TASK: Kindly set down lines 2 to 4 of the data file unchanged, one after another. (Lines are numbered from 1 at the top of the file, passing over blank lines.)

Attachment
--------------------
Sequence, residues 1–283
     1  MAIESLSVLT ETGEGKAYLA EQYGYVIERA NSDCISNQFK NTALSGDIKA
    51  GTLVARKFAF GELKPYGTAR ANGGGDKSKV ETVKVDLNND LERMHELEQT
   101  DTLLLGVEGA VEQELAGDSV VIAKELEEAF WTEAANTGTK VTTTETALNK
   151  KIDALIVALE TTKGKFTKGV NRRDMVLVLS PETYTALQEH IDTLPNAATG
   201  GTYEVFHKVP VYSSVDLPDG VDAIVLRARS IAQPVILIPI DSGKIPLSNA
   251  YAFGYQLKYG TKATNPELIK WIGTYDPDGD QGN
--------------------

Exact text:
     1  MAIESLSVLT ETGEGKAYLA EQYGYVIERA NSDCISNQFK NTALSGDIKA
    51  GTLVARKFAF GELKPYGTAR ANGGGDKSKV ETVKVDLNND LERMHELEQT
   101  DTLLLGVEGA VEQELAGDSV VIAKELEEAF WTEAANTGTK VTTTETALNK